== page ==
MuniLand

America’s military is “lender of last resort”

By Cate Long
January 31, 2013

America is slowly awakening from its long debt-induced slumber. It has conducted two major wars, a bailout of banks and a major stimulus program without raising taxes to pay for them. Because the Federal Reserve kept interest rates low, it was easy for politicians to continue to raise the debt ceiling and spend without making reductions in other areas of the budget. But those days have ended, the punch bowl has been removed and a new sobriety has rolled into our national capital.

Even with its massive deficit problems, America has been providing security for its global allies for decades at no cost to them. This resulted in spending 4.8 percent of GDP on U.S. military in 2010, which was ramped up from 3.0 percent in 2001, according to the Stockholm International Peace Research Institute. In contrast, you can see that European countries spent 1.73 percent of total GDP on military in 2010, which declined slightly from 1.99 percent in 2001.

America has been subsidizing European military needs largely due to its role in the NATO alliance. The Council on Foreign Relations explains the new problems with this arrangement:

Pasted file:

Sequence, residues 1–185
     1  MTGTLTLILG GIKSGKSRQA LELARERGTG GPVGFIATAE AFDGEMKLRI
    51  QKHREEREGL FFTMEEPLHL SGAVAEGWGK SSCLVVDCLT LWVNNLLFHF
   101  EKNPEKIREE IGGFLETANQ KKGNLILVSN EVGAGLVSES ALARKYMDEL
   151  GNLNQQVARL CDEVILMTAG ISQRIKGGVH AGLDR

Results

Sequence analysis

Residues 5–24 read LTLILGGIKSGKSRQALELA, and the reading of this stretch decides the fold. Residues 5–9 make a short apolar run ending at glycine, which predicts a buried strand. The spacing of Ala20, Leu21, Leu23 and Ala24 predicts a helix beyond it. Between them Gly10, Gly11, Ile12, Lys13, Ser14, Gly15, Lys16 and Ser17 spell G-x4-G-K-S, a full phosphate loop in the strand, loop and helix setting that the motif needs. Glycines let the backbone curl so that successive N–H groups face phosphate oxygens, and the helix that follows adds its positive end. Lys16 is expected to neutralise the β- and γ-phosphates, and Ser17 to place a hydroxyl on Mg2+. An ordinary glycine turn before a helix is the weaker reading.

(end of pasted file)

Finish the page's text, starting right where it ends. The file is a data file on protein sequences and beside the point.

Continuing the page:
In 2011, then Secretary of Defense Robert Gates warned that ‘there will be dwindling appetite and patience in the U.S. . . . to expend increasingly precious funds on behalf of nations that are apparently unwilling to devote the necessary resources to be serious and capable partners in their own defense.’ France in Mali is now a case in point; the Obama administration is providing only grudging assistance to an under-resourced French intervention.

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French military spending…has since 2001 exhibited a marked constancy—one which is inconsistent with the country’s newfound passion for military engagement.  (Libya in March 2011 was another example of the French, as well as British, military biting off more than it could chew).  It also highlights the need for the Obama administration to address Gates’ prescient concern and to develop a clearer policy foundation for America’s global military ‘lender of last resort’ role.

America is woefully underfunded in infrastructure spending and many other social needs. A big question is whether it can also be the global military “lender of last resort” and still maintain its own house. The military contracting industry in America does create a lot of jobs, but in essence it also gives the benefits away free to its allies. Times must change. America must either charge for these services or understand more clearly what we gain from continued military involvement overseas.

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